Elsa and Norman Rush at their home. Photo by LaToya Ruby Frazier for The New York Times
Tel Aviv based curator Maayan Shellef and artists Eran Hadas and Gal Eshel have invented yet another entity who doesn’t get you. His name is Frankie the Documentary Robot, and he interviews people about their emotions, attempting to ‘learn’ what it means to be human. Frankie is taking his futile attempts at empathy on the road and will arrive in Linz, Austria next month, for the Ars Electronica festival. [Vimeo]
The Pennsylvania Academy of the Fine Arts is de-acquisitioning one of its two Hopper paintings to raise money for its contemporary art fund. The painting’s sale will quintuple PAFA’s acquiring budget, with 75% of that money going towards buying new work and 25% towards filling gaps in its historical collection. [The New York Times]
Last week artist Anthony Antonellis had a chip implanted in his hand so he could distribute his net art with greater ease. This blog collects some of the reactions around the web to the piece. A few favorites: “The Devil worshiping technocrats are now using state run media to promote human tracking chips aka RFID chips as cool and stylish digital tattoos” and “It’s coming and i bet ObamaCare is going to be the kick starter for this hot mess” and “No big deal. Just a rainbow MARK OF THE BEAST” [butifeelgreat]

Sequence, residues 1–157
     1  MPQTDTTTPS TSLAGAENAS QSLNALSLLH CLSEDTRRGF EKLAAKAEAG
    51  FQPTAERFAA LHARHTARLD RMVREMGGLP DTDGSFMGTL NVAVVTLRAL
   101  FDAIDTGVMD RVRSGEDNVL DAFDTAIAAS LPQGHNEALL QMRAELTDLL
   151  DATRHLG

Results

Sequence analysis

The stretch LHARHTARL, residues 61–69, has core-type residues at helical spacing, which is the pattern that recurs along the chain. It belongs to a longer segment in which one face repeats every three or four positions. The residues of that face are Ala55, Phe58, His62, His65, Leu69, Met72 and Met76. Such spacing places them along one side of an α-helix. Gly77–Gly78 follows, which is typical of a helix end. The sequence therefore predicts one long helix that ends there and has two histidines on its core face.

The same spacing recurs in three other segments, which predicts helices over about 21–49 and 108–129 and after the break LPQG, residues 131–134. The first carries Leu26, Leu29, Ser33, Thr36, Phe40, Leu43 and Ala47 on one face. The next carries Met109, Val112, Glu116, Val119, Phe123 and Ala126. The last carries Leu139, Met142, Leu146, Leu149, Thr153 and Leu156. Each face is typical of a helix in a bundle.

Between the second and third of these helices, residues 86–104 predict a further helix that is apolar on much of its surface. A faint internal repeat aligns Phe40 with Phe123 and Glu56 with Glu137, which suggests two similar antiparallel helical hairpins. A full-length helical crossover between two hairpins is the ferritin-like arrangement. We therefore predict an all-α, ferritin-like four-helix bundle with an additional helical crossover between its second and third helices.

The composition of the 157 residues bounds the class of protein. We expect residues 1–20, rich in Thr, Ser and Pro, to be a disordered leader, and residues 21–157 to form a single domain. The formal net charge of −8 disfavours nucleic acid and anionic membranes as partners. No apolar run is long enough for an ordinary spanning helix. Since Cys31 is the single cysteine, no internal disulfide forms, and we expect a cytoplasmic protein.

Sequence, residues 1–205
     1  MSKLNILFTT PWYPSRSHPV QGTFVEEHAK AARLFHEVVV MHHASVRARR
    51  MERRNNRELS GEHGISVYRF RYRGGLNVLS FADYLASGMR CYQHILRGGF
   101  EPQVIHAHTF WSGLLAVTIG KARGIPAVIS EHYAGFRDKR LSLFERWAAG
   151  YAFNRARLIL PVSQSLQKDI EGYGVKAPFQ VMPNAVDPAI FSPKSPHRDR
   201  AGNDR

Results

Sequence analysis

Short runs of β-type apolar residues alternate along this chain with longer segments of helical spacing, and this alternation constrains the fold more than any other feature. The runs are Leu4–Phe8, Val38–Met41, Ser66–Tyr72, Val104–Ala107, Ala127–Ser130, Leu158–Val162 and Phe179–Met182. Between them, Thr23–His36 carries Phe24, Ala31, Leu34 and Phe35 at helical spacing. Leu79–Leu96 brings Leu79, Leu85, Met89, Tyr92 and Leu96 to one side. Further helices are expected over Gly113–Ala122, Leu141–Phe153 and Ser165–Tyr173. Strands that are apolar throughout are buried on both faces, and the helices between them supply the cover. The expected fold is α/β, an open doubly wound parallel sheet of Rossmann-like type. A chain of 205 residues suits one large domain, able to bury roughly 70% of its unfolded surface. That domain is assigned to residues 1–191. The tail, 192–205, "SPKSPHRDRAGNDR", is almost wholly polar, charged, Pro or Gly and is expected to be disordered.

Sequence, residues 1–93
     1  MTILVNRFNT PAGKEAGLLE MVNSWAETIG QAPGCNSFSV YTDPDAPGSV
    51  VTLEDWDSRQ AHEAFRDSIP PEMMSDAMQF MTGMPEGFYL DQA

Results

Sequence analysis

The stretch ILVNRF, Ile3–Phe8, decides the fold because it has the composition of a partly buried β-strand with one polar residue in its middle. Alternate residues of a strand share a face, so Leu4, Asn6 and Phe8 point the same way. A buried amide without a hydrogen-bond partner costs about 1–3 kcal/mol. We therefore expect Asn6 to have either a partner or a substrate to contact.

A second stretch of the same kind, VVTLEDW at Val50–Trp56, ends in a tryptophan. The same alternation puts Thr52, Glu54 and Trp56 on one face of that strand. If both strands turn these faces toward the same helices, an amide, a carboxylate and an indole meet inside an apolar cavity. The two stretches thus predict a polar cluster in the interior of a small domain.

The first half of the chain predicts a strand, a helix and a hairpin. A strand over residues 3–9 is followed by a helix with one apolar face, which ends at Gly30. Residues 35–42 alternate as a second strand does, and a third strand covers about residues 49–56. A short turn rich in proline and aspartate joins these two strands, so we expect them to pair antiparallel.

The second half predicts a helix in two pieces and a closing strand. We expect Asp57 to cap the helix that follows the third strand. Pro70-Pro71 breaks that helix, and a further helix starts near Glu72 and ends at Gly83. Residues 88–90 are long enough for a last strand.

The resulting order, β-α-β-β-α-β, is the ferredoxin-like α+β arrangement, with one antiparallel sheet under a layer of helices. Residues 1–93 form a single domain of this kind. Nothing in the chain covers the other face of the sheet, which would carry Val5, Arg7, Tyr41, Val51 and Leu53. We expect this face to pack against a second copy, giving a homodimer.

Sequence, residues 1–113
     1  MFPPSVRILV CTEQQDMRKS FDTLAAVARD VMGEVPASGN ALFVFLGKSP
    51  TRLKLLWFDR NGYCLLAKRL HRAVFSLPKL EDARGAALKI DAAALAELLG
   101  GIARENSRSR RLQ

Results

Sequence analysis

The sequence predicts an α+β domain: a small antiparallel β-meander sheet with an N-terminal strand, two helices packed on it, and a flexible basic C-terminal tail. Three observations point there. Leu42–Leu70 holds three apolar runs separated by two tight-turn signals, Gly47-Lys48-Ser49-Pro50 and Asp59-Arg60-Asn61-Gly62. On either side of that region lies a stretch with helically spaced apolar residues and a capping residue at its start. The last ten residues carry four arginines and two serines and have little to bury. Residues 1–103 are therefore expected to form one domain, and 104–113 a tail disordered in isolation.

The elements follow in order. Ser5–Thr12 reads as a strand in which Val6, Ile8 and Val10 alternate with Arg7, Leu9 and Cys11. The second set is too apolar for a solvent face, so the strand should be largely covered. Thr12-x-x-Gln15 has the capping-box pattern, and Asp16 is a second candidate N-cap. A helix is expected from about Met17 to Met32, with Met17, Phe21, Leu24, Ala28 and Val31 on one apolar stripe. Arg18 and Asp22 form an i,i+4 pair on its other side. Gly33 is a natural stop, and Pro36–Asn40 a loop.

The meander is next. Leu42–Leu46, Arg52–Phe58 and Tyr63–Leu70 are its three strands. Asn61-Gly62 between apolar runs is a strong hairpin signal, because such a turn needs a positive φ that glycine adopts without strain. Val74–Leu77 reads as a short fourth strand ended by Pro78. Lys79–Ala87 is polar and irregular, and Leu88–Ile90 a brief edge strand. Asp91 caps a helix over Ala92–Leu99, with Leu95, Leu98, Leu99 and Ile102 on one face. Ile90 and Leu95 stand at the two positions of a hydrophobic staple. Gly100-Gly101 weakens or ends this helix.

Norman Rush gets a profile in the Times Magazine. Both he and his wife speak like the protagonist in his book Mating. Fascinating. On a side note, photographer Latoya Ruby Frazier took the shots for the spread. [New York Times Magazine]
“How and why did one of the world’s greatest libraries get into the real estate business?” The Nation has acquired ten years of minutes from trustee meetings, and the story behind the Central Library Plan. [Nation]
New York Magazine has profiled Mark Thompson, the ex-BBC executive who’s restructuring the New York Times, and a grand plan to expand as a larger brand of “news products.” [New York Magazine]
A will to change is in the air, but it’s against a backdrop of the same-old. At the New Museum, Karen Finley’s live sext paintings challenge an institutional denial of boundary-pushing work, while the Whitney has more shows of Hopper and Hockney. Klaus Biensenbach and The Jogging talk about rising waters (in their own ways), at Hyperallergic and Still House respectively. Plus, a group show of some of art’s most vocal activists addresses failure.